French forests and mountains are home to a variety of wild animals. Rabbits and hares are the easiest to spot, but if you hike deep enough in the woods, you might encounter deer, wolves, and even bears.

If you’re more of a mountain climber, you may find some adorable groundhogs hiding from eagles and different kinds of wild goats strolling around like they own the place. The Alps are especially renowned for their wildlife, but we also have a few whales singing in the Mediterranean Sea and fluffy seals on the northern coast.

Here are the names of popular wild animals in the French language:

Un ours“Bear”
Un loup“Wolf”
Un cerf“Deer”
Un lièvre“Hare”
Un renard“Fox”
Un hérisson“Hedgehog”
Un écureuil“Squirrel”
Un sanglier“Boar”
Une marmotte“Groundhog”
Un lion“Lion”
Un tigre“Tiger”
Un jaguar“Jaguar”
Une panthère“Panther”
Un éléphant“Elephant”
Une giraffe“Giraffe”
Un singe“Monkey”
Un gorille“Gorilla”
Un kangourou“Kangaroo”
Un koala“Koala”
Un panda“Panda”
Un paresseux“Sloth”
Un phoque“Seal”
Un pingouin“Penguin”
Un ours polaire“Polar bear”
Un morse“Walrus”

A Cute Sloth Peeking Over Some Railing

Un paresseux (“Sloth”)

4. Sea Animals

Counting our overseas regions (Nouvelle Calédonie, Polynésie Française, Mayotte…), France alone is home to 10% of the world’s corals. They’re mostly gathered around our islands, and they host an impressive diversity of fish, algae, and shellfish.

On the other hand, the industrialization and pollution of the French coasts have taken a huge toll on the marine ecosystem, with plastic being one of the main culprits.

Un poisson“Fish”
Un requin“Shark”
Un dauphin“Dolphin”
Une baleine“Whale”
Un lion de mer“Sealion”
Une méduse“Jellyfish”
Une pieuvre
Un poulpe
“Octopus”
There is no difference between un poulpe and une pieuvre. The latter is a bit more modern, but both are equally used.
Un hippocampe“Seahorse”
Un oursin“Urchin”
Une étoile de mer“Starfish”
Une moule“Mussel”
Un concombre de mer“Sea cucumber”
Sea cucumbers are so bizarrely amazing that I couldn’t resist including them on this list. Do you know of any other animal that breathes through its butt?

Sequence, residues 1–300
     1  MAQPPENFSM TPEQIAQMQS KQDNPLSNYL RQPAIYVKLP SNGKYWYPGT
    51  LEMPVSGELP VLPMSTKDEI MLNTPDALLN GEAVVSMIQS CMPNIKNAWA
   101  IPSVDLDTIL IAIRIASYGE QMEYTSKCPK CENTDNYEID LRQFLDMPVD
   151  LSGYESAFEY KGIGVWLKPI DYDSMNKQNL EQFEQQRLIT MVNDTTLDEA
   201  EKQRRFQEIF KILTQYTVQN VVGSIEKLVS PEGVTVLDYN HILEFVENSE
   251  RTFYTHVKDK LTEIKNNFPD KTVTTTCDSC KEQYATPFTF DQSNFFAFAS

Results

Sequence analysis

They especially thrive in deep water, and make up 90% of life on the ocean floor below 15,000 feet.

    → Do you wanna dive deeper? We have a vocabulary list of marine animals and fish with recorded pronunciation examples.

A Hammerhead Shark

Un requin-marteau (“Hammerhead shark”)

5. Bugs

France has a diverse fauna of native and endemic bugs. Nothing as lethal and scary as what you’d find in Australia, luckily, but we have our fair share of crawling insects and nasty worms.

The three most dangerous animals in France are the Asian hornets, blood-sucking ticks, and the infamous veuve noire (“black widow”), a spider found on the island of Corsica and the region of Provence. Its venom is more dangerous than that of a cobra and can induce crazy hallucinations.

Une abeille“Bee”
Une guêpe“Wasp”
Un moustique“Mosquito”
Une mouche“Fly”
Une araignée“Spider”
Un criquet“Grasshopper”
Un cafard“Cockroach”
Un papillon“Butterfly”
Une fourmi“Ant”
Une mite“Moth”
Un escargot“Snail”
Une limace“Slug”

A Wasp on Someone’s Skin

Une guêpe (“Wasp”)

6. Birds

There are more than 500 species of birds in France, but none are as familiar as our iconic pigeon.

Around 23,000 pigeons live in Paris today, but it wasn’t always so. Back in the nineteenth century, they could only be seen flying over the city. Pigeons only settled in later on, thanks to the lack of predators and the rise of the pigeon post during the Franco-Prussian War.

Un pigeon“Pigeon”
Une mouette“Seagull”
Un corbeau“Crow”
Un aigle“Eagle”
Une colombe“Dove”
Un hibou
Une chouette
“Owl”
What’s the difference between hiboux and chouettes? Simple enough: Hiboux have fluffy ‘ears’ and chouettes don’t. Both are adorable.